Name Length
1 Landscape of Cloud; I. Floating Cloud
Jia Daqun
2 Landscape of Cloud; II. Voice of Mountain
Jia Daqun
3 Landscape of Cloud; III. Affection on Water
Jia Daqun
4 Stream; I. Run
Martin Lodge
5 Stream; II. Hold
Martin Lodge
6 Stream; III. Drive
Martin Lodge
7 Fallingwater; I. Night Rain
Michael Daugherty
8 Fallingwater; II. On the Level
Michael Daugherty
9 Fallingwater; III. Prairie Psalm
Michael Daugherty
10 Fallingwater; IV. Ahead of the Curve
Michael Daugherty
11 The Void Between Heartbeats
Michael F. Williams
12 We Want to Live in #Peace
Param Vir

The landscape of Cloud
Cloud is an aerosol of owing gas and dust, which surrounds and protects the tiny earth in the vast cosmic sky. It is dynamic and diversified. Not only reflecting existing splendid pictures known to the human beings, but also inspiring our boundless imaginations in the future. The landscape of cloud, or the cloud with landscape is a musical work full of sounds of clouds and feelings of the landscape; moreover, the composer wants to express his own emotions over the landscape of cloud.
This work is composed of three movements – Floating Cloud, Voice of Mountain and Affection on Water. The composer uses skills as serial- music, pitch-class set, timbre texture and multi-structure to show his multidimensional awareness of dynamic status, and expresses his own feelings by abstracting the nature.

Everything flows, nothing is stationary

Inspired by the idea of flow, of fluid movement and the reality of constant change, the three parts of Stream reflect thinking about aspects of movement and human consciousness of movement. This includes movement of the human body, of natural elements like air and water, but also the ow created by machines and of digital data. We may be able to constrain time and change for a little while, using technology or with memory, or we may retain connections to past things through remembered song. ‘Run’ suggests the way rapid physical movement can spill across clock time and mechanical measurements. ‘Hold’ presents variations on a forgotten song; the simple melody gradually evolves through repetition. ‘Drive’ balances unyielding rhythmic repetition with outbursts of melody. All three are motivated by aspects of ow and movement as we humans experience it.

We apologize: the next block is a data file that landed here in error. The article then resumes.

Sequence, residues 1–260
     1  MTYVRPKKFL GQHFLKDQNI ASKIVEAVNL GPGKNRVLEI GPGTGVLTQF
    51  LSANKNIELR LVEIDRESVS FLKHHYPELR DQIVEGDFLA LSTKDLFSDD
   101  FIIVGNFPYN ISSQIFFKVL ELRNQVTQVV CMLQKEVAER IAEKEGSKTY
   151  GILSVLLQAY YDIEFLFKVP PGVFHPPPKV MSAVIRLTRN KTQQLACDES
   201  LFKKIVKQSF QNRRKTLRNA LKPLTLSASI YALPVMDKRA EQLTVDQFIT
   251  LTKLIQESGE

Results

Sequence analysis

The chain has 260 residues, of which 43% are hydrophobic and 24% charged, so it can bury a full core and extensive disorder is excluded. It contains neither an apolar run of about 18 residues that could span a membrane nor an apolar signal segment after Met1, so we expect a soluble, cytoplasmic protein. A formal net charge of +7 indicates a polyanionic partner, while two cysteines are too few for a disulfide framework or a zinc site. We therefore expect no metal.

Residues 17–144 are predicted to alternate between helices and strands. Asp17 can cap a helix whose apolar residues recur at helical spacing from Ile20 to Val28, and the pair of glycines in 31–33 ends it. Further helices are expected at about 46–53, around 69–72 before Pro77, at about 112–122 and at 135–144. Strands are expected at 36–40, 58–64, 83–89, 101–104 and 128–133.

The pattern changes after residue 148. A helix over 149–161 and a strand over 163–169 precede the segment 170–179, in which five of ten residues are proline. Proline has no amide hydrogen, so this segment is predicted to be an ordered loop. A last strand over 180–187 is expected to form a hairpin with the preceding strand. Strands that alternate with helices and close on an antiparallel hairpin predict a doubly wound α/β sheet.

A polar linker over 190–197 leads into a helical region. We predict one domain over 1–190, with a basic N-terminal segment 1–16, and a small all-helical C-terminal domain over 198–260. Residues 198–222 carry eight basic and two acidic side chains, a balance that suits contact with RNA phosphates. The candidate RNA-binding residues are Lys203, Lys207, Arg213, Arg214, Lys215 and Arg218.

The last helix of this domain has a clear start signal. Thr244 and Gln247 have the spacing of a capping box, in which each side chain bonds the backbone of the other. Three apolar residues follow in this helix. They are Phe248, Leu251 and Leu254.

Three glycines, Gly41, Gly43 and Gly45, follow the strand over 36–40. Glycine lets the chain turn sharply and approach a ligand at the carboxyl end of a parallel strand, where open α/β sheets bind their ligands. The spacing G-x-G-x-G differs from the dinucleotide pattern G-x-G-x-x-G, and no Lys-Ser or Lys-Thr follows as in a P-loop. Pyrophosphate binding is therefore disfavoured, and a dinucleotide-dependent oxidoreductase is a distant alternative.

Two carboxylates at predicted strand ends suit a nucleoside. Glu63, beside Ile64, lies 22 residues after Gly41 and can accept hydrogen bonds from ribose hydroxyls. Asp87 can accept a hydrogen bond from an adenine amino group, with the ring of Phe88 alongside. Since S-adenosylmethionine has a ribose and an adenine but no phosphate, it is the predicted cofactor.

Fallingwater (2016) for string quartet is a musical tribute to the visionary American architect, Frank Lloyd Wright (1867-1959). The inspiration to compose my string quartet came to me when I visited Taliesin, the 600- acre estate that Wright began to build in 1911, nestled into the rolling hills of Wisconsin. For over 40 years, Taliesin was his primary residence, studio, sanctuary, farm, school of architecture, and artistic statement to the world. In the main living hall, his third wife organized soirees for family, apprentices and renowned guests. As I stood in the center of this magnificent space, I noticed a large circular music stand made of wood, designed by Wright himself, with four sides for use by string quartets.
I began to hear a composition in four movements, as an emotional, spiritual, and musical exploration of Wright’s aesthetic of “organic architecture.”

The Void Between Heartbeats, written for string quartet and digital effects, is inspired by the idea of the emptiness and stillness between one beat of the heart and the next. The moment when the arrow should be released; the trigger squeezed, and where the self is not. It is written as a single movement but with three distinct sections. The slow, spacious opening explores themes of emptiness and the abyss before transitioning into a chorale like theme, somewhat like a prayer. The third section is more rhythmic, becoming more aggressive and anxious before returning to the prayer theme. The effects that have been used in this piece are reverb, delay, harmonizer and distortion.

We Want to Live in #Peace
This work was composed at the height of the Syrian refugee crisis in 2016-17. A vast chunk of humanity was forced to flee their homes and face further perils in the quest for safety. Bearing witness to this ‘human flow’, I found it challenging to write any music at all, living in a world of such unprecedented carnage and terror.

I chose not to remain silent, but to start with something very remote, taking as my point of departure the music of the birds of New Zealand, a parallel and very distant world of beauty and innocence, a world of nature that reminded me of transcendent possibilities, removed from the refugee crisis. The players of the string quartet respond to this bird music in empathy and protest and through their music I hear the cry of our fellow human beings craving safety in war zones, craving compassion, and pleading for humanity. The hashtag #Peace refers to the efforts of #Muhammed_Najem and #raghad to draw international attention to their plight in the siege of the city of Ghouta, East Syria.

They long to live in #Peace.